News | Oct 02 2018

EXCLUSIVE New champ Callum Smith urges Gennady Golovkin to move up to super-middleweight

Callum Smith speaks to John Dennen about Gennady Golovkin and getting a rematch with an old foe, Dmitry Bivol
Callum Smith
World Boxing Super Series Super-Middleweight Final - George Groves v Callum Smith - WBA World Super-Middleweight Title  |  Action Images/Andrew Couldridge

NEW WBA world champion Callum Smith has encouraged Gennady Golovkin to step up to super-middleweight.

Smith defeated George Groves on Friday in Jeddah and has returned to England as the number one in the 168lbs division and World Boxing Super Series winner with a very bright future at the highest level of the sport.

“He’s a massive name,” Smith said of Golovkin. “I’m sure financially it would be good and a win over him is still a massive win. Even though he’s just lost, a lot of people didn’t think he did and it was a good fight. He’s had two very high profile fights with Canelo. I’d go as far to say he’s still the biggest name possible for me to fight. I think he’s a bigger name than the other light-heavyweights and the super-middleweights.”

If Groves hadn’t been fit to contest the Super Series final, Smith’s trainer Joe Gallagher had suggested Golovkin be invited in as a replacement. “I was thinking, Don’t you like me, Joe?’” Callum laughed.

But now, after stopping Groves inside seven rounds, Smith would welcome the opportunity to fight Golovkin at super-middleweight. “I think he would get people praising him doing it. But I think he’d get a bit of criticism for doing it because he’ll do it now but he wouldn’t do it when [Andre] Ward wanted him to, that kind of thing. He was saying he didn’t want to move up then, now he might move up. People might say, ‘What’s different now than then?’ But possibly I think he could. He’s a good fighter.”

Callum Smith

But Smith added, “There’s a lot of middleweights who could move up. I could move up eventually. There’s a lot of fights in around the weight division. Chavez [Junior] is back fighting…”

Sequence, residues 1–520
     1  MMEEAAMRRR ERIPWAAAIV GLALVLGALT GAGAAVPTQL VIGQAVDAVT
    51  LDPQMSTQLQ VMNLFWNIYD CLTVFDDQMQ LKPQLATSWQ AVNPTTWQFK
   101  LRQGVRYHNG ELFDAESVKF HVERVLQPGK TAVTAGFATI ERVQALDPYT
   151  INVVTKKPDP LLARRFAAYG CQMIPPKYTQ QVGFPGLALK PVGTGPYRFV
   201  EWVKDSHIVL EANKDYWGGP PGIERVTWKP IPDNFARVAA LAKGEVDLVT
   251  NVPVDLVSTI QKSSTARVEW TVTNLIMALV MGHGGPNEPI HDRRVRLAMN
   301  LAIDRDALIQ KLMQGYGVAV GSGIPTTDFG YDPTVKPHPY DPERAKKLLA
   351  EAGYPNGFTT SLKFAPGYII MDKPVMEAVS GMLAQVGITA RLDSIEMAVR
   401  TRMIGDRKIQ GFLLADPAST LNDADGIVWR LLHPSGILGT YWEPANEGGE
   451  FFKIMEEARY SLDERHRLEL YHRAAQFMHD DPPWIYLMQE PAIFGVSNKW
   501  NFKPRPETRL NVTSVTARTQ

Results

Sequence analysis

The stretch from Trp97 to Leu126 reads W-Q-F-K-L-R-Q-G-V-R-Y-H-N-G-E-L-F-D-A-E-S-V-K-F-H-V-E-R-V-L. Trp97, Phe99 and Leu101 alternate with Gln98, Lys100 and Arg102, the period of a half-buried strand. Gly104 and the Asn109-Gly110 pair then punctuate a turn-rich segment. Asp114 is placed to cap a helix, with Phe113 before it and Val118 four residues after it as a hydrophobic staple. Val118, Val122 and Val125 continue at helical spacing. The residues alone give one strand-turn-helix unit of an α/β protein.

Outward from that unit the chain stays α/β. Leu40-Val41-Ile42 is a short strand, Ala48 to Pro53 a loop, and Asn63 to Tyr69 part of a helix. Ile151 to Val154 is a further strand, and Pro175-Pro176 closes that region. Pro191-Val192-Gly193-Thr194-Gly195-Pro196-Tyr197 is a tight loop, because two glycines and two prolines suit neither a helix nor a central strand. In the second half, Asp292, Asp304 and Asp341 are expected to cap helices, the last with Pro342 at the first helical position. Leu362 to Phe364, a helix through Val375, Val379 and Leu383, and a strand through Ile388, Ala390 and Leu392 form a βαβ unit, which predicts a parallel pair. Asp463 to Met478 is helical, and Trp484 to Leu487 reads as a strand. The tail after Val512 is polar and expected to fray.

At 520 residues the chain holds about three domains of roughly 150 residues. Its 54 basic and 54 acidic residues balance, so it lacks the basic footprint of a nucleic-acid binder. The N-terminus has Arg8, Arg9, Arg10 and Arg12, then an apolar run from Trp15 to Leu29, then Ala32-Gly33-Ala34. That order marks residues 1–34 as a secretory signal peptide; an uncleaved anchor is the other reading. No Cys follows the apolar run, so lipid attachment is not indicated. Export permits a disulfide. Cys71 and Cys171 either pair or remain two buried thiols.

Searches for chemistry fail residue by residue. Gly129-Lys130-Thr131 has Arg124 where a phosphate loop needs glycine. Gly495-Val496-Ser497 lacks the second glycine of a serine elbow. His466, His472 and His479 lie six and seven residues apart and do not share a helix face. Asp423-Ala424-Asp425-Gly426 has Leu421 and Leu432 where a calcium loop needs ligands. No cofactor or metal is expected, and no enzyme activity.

One light-heavyweight whom Smith knows well is WBA world champion Dmitry Bivol. The two have fought before, in 2012 when they were amateurs. Bivol won that, a semi-final of the Bocskai tournament in Hungary, and Smith is keen to settle the score. “A Bivol rematch would be good. We had a good fight in the amateurs. He’s a good fighter,” he said. “I remember boxing him thinking he’s decent. He didn’t box then how he does now, he throws decent body shots now. It was a good close fight.

“You didn’t really see many of the top people you fight in the amateurs in the pros whereas now you’re starting to see more of them, more and more of the Russians and Ukrainians are turning over. Whereas you never used to see them two years ago.”

There are big fights ahead of him, even if it’s difficult to say now exactly what they will be. “It’s hard to predict, you never know. A new star could be born in a year who I’ve never heard of now or a top middleweight could move up to super-middle. It’s hard to predict,” Callum said.

First of all he wants to cement his place at the number one in the 168lbs division. “The weight isn’t killing me at the minute,” he said. “In the ring I felt good, I felt strong, my energy levels were good. I don’t think I’ll move up any time soon. There’s a lot I want to achieve at super-middle.”